What is an oil sand?
Oil sands are a mix of sand, water, clay, and bitumen, which is type of oil. They have a very thick, viscous texture1. Oil sand projects extract this oil from the sand.
The oil is extracted and flows through a pipeline to refineries. Then it is turned into gasoline, diesel, jet fuel and other petroleum-based products.2 Consequently, the production of products mean there are more GHG gases released into the atmosphere – contributing further to climate change.
Oil sands are found in parts of Venezuela, the United States and Russia. However, the largest oil sand project is in Alberta, Canada. Its area is more than 142,000 km2 and extraction started in 19671.
Environmental harm of the Alberta oil sands
Canada is the sixth largest oil producer in the world, and the country is driven by the economic gain of oil sands projects. In 2018, it brought in $108 billion to Canada’s GDP and 528,000 jobs3. Despite that, there is no doubt that oil sands creates a lot of harm to the environment.
Firstly, production on oil sands releases GHG. Research shows that the oil sands would release 240 billion metric tons of carbon if they were all burnt4. Furthermore, oil sands release more CO2 than traditional oil extraction. This is a direct impact that will increase global warming, which leads to environmental issues, such as rising sea levels.
Moreover, Alberta oils sands forms harmful air pollutants. In fact, it is one of the biggest source of pollutants in North America5. According to the WHO, pollutants in the air can lead to respiratory diseases and lung cancer6. For example, it is thought that air pollution from the oil sands has led to 23 cases of cancer out of 94 people in Fort Chipewyan 7.
Furthermore, oil sands impact the water quality. This is due to extracting oil sands needing lots of water. The natural water cycle and habitats become disturbed. For instance, the downstream flow of Athabasca River will decrease by 30% if water use does not changed by 20508.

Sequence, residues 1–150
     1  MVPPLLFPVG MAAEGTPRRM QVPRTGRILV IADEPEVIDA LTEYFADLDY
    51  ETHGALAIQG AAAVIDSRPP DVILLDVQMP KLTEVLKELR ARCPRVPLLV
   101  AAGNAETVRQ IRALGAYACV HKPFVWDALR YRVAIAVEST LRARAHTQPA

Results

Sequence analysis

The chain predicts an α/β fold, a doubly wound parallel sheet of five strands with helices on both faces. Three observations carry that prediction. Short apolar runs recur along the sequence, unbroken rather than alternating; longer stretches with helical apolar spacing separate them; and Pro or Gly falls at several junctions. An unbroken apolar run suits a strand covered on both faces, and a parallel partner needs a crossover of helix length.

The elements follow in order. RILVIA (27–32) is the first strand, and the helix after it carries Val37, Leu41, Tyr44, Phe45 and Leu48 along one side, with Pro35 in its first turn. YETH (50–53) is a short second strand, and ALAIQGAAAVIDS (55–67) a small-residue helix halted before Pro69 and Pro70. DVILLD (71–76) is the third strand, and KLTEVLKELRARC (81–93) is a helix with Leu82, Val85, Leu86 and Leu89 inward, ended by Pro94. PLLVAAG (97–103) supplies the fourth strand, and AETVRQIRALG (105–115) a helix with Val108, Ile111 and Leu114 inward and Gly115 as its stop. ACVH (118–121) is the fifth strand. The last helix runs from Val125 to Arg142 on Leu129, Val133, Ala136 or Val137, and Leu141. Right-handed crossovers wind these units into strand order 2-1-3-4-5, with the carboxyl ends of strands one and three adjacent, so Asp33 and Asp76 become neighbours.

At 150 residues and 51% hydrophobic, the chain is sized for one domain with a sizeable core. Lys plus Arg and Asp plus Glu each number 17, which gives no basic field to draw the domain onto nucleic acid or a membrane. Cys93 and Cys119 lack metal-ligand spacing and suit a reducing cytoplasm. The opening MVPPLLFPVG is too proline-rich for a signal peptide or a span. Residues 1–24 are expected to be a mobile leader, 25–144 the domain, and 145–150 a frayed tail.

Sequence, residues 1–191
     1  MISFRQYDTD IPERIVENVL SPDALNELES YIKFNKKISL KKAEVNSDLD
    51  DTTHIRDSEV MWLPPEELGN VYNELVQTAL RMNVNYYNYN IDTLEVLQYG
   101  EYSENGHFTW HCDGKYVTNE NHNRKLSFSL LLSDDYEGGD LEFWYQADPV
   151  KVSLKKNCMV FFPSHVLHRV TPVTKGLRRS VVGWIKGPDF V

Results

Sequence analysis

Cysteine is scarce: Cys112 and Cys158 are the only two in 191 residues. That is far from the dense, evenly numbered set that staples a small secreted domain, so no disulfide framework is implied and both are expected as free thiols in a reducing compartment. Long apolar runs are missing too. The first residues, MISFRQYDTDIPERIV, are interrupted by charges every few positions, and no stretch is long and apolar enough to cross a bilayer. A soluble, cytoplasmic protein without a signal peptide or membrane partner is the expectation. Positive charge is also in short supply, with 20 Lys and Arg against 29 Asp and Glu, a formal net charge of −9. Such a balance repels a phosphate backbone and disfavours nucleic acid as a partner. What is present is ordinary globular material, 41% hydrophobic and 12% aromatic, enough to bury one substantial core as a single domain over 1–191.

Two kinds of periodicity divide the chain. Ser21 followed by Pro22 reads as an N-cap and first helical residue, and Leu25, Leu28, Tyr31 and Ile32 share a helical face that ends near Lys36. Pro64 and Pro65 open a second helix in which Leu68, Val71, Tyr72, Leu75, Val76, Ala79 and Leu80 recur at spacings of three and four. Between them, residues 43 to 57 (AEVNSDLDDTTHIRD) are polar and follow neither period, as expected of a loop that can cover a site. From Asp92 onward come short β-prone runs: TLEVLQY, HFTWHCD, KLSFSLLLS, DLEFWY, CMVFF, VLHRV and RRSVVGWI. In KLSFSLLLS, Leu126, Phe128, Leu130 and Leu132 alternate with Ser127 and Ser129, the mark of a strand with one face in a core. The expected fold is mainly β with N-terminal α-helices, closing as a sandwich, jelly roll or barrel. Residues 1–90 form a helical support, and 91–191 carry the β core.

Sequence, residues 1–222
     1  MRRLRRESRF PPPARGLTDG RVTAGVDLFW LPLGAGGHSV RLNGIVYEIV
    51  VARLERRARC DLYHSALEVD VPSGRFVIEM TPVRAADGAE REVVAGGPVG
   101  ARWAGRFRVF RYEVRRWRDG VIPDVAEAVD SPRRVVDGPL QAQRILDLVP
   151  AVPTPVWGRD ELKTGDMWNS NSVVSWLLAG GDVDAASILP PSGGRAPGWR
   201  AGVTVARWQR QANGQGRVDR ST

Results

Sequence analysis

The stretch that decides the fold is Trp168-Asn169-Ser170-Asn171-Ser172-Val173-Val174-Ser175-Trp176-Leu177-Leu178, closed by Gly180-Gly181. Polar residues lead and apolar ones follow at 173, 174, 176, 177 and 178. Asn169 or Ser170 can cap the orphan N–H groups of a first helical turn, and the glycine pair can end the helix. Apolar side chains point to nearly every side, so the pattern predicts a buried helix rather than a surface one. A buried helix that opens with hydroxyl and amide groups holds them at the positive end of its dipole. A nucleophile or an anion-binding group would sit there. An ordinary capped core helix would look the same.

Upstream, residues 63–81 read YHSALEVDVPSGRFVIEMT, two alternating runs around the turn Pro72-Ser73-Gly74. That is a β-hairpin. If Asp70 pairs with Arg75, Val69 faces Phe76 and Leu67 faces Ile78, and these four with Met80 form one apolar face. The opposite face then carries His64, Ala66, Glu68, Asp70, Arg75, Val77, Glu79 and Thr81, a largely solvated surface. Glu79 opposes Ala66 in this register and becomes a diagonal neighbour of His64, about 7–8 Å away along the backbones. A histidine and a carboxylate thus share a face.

Social impacts of Alberta oil sands
Oil sands projects also have social impacts. Oil sands affect local groups; impacts include making it hard for them to gather food9. As well as that, money is used to build a pipeline and not improve the quality of life for the local people. Furthermore, extending the pipeline will increase our dependance on fossil fuels in the future.
On the other hand, Canada claim to retrieve most of the mined land by replacing soils. Even though the reclamation is not fast enough for the rate of land degradation10.
- CAPP (2019). What are oil sands?
- CAPP (2019). Oil sands can tribute to Canada’s economy.
- CAPP (2019). Land reclamation.
- Biello, D (2013). How much will tar sands oil add to global warming, Scientific American.
- Chung, E (2016). Alberta’s oil sands and industry is a huge source of harmful air pollution, study says, Technology and Science.
- WHO (2013). Health effects of particulate matter.
- Financial Post (2014). Oil sands pollution linked to higher cancer rates of Fort Chipewyan for first time. University of Manitoba.
- Energy Education (2019). Water impacts of oil sands.
- National Geographic (2019). This is the world’s most destructive oil operation and its growing.
- Royal Society of Canada Expert Panel (2010). Environmental & health impacts of Canada’s oil sands industry.